BC Hydro union rallying against smart meters
The union representing meter readers at BC Hydro is campaigning to help nearly 400 people whose jobs will be rendered obsolete because of smart meters.
The Canadian Office and Professional Employees Union Local 378 has tried to ensure a transition plan for workers since the smart meter initiative was introduced. The union, however, claims the province and BC Hydro refuse retraining.
In a Monday presentation to Cumberland council, Local 378 president David Black said COPE is looking for a practical transition to a new line of work for the employees.
The union also suggests those opposed to smart meters need a better opt-out provision.
Last year, BC Hydro awarded Corix the meter installation contract. The first meters were installed in the summer. Costs have so far run about $1 million.
"The long-term costs are even greater," Black said.
Advocacy groups claim wireless meters emit radiation, increase the likelihood of structure fires and — by recording details of power usage — violate privacy rights. B.C. Hydro says the meter initiative is a conservation effort that enables customers to see their usage and adjust electricity consumption accordingly.
According to the union, other jurisdictions have suffered higher electricity rates through time-of-use billing where meters have been installed.
The Union of B.C. Municipalities has passed a resolution calling for a smart meter moratorium due to health and privacy concerns.
Black said the office of the privacy commissioner has identified 14 areas of concern. It questions, for instance, how smart meter information will be used.
The union encourages the public to contact Energy Minister Rich Coleman to object to costs associated with smart meters.
While residents are not allowed to prevent installation, COPE is providing opposition signs to post on a meter or on houses.
Council agreed to send a letter to BC Hydro and the province supporting optional refusal of meter installations, as requested by Maple Ridge council.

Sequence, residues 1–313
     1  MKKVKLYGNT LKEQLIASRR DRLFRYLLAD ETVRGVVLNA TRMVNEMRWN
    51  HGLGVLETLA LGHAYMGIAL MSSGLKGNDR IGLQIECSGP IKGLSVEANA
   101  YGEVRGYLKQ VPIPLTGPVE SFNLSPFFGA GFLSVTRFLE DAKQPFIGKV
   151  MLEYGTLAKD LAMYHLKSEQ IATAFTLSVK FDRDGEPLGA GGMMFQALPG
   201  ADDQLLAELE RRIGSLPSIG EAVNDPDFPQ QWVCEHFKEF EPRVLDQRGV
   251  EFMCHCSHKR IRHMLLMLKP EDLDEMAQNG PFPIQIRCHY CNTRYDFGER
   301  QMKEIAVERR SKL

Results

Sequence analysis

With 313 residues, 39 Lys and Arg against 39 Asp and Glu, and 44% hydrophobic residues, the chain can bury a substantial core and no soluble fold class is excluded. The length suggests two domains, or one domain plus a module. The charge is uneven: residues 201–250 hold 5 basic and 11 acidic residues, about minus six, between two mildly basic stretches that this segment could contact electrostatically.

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Council will consider a 'Review and Revise' option for the Official Community Plan in upcoming budget discussions. This option, one of three outlined by senior planner Judith Walker, would cost an estimated $34,250 in staff and $75,000 in consultation time for a 12-month term.
The purpose is to align the OCP with the Regional Growth Strategy and to meet provincially-mandated requirements for Greenhouse Gas reductions.
The OCP is a provincially-mandated document that guides local government decision-making. It is typically reviewed every five years.
Walker said much of the Village's OCP, adopted in 2004, meets RGS and sustainability goals but lacks clarity. A public education and engagement process is necessary to review, assess and revise the document. She suggests the process includes a task force working group.
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Coun. Roger Kishi said a letter from Vancouver Island North MP John Duncan, like that of Premier Christy Clark, does not respond to council's main concern about Canada-European Union Comprehensive Economic and Trade Agreement (CETA) negotiations.
Council had directed the village to request the province to negotiate an exemption for local governments from CETA.
In the letter, Duncan said a pre-negotiation study indicates a well-negotiated agreement could increase bilateral trade by 20 per cent and GDP by $12 billion per year, and create 80,000 jobs.
"These are benefits that the government of Canada cannot ignore in moving the Canadian economy to a stronger, more durable state," Duncan writes.
The Council of Canadians suggests the CETA deal is about deregulation, privatization and increasing corporate investment rights.
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The Village will send thank you letters to Trilogy for donating $500 towards construction of a bridge between Chinatown and the old Japanese town site, and $15,000 towards the Lantern Festival.